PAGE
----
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Bears Reigning Over TSE Amid Teetering Economy
Economy, Business And Markets

Bears Reigning Over TSE Amid Teetering Economy

Tehran Stock Exchange (TSE)’s 4-day losing streak in the week that ended on February 26, was accompanied by further retreat, with the TEDPIX plummeting more than 1 percent within 5 working days.
The credit crunch due to persistent non-performing loans, anemic economic growth, dramatic plunge in oil prices, and lingering ambiguities surrounding the next fiscal year’s budget (to start March 21), keep weighing on speculations over the performance of the equity market in the mid run.
As market analysts stoke concerns over the TSE’s record lows during the past few years, individual and institutional investors are opting to take their cash to rival markets, including the banking sector, where an annual interest rate of 22 percent is guaranteed.  
Lagging indicators do not illustrate a bullish trend ahead, however, head of the Securities and Exchange Organization (SEO) in an exclusive interview with the Financial Tribune noted that, the stocks’ rock-bottom values makes for a perfect occasion for investor to shore up their portfolios with a long-run approach.
Regarding the challenges of the equity market, Mohammad Fetanatfard indicated that following an immense pullback, equilibrium is returning to the stock market and that no further plunge is expected, although re-opening refining companies’ symbols may leave a negative impact on the benchmark.
Amid global competition for various commodities such as iron ore, a revolution in exploitation should take place before the revival of the mining sector, which has a significant contribution to the gross-domestic-product (GDP).
The slowing economic growth in China, has weighed on global demand for iron, slashing expectations on iron ore demands accordingly. In such a narrow market, only companies with low exploitation costs can compete, while others are forced to shut down.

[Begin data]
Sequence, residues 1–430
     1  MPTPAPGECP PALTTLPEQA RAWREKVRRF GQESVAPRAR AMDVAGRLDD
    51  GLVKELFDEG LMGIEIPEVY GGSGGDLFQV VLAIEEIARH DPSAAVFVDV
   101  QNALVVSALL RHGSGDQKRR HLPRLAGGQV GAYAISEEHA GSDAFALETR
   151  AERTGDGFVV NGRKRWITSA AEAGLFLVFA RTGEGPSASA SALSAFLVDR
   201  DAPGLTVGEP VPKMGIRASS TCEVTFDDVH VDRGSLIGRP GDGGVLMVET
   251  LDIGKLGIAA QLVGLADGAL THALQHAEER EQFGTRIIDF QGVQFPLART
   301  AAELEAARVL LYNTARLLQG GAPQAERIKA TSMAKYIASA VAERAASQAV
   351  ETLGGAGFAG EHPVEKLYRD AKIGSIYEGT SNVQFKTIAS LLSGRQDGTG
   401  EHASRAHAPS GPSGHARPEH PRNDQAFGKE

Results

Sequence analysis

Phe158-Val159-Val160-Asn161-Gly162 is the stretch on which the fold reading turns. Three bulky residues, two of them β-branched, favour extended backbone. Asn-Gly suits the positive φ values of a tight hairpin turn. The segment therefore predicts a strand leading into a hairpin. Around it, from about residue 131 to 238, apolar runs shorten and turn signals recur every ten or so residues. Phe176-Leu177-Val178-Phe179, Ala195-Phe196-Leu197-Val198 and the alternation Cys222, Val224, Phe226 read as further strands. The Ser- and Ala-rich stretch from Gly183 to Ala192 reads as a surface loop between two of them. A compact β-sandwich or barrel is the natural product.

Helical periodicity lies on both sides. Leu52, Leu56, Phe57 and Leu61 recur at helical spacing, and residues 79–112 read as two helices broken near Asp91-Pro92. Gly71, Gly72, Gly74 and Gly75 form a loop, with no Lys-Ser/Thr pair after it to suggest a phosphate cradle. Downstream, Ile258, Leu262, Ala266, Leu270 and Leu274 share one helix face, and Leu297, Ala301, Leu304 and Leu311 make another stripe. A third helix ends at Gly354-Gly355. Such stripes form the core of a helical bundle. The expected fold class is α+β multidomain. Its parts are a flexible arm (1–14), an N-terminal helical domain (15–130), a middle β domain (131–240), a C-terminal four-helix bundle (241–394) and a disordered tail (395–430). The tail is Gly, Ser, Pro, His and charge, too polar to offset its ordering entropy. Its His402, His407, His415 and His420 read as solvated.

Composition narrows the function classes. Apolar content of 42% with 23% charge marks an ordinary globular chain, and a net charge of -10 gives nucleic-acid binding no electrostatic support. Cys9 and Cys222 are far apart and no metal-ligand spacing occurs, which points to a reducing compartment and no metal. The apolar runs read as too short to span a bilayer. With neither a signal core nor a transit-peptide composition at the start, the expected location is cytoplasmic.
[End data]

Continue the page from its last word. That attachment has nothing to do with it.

Brazilian mining company Vale, which is the world’s largest iron-ore producer, reported a fourth-quarter loss of $1.85 billion, compared with a year-earlier loss of $6.45 billion, Marketwatch reported. Hence, it can be concluded that old mines with outdated technologies may not be able to survive.
In a bid to ease lingering concerns in the mining sector, the parliament recently reduced mine royalties to between 15 and 25 percent to help them weather the global slowdown.
Other listed industries at the equity like petrochemicals firms are also grappling with both local and international challenges as tumbling oil prices have shed their commodity prices. However, amid a credit crunch, foreign direct investment along with competitive feedstock pricing could be practical remedies to give a boost to the sector.

 TSE’s Weekly Report
Stocks had a downbeat performance in the week that ended February 26, with the TSE’s overall index plummeting 668 points or 1.03 percent compared to the prior trading week.
According to TSE data, the first market index shed 480 points or 1 percent to end at 47,439.8. The second market index lost 1,394 points or 1.11 percent to settle at 124,295.3. The free float index shed 970 points or 1.31 percent to 73,000. The industry index dropped 648 points or 1.19 percent to 53,643.4. The blue-chip index declined 31 points or 1.07 percent to stand at 2,865.1, and the financial index was down 152 points or 0.12 to 124,103.1.
Bears are still reigning over the equity market, with the benchmark slipping 16 percent since the extension of nuclear talks back in November 2014. The TSE’s gauge recorded close to 19 percent decline since the beginning of the current year, which ends March 20.
More than 2.6 million shares changed hands during the week’s sloppy trades, valued at close to 5.3 trillion rials to register 13.6 and 14.6 percent retreat for trade volume and value respectively.
The prospect of the economy is not good enough to entice both individual and institutional investors as TSE data illustrate that the number of traders decreased by 19 percent over the past week.
Despite all-embracing negative sentiments, fixed income bonds were shaky investors’ safe haven, as 587,647 bonds were sold to investors, valued at 578 billion rials, to register 279.4 and 283 percent growth in trade volume and value respectively.

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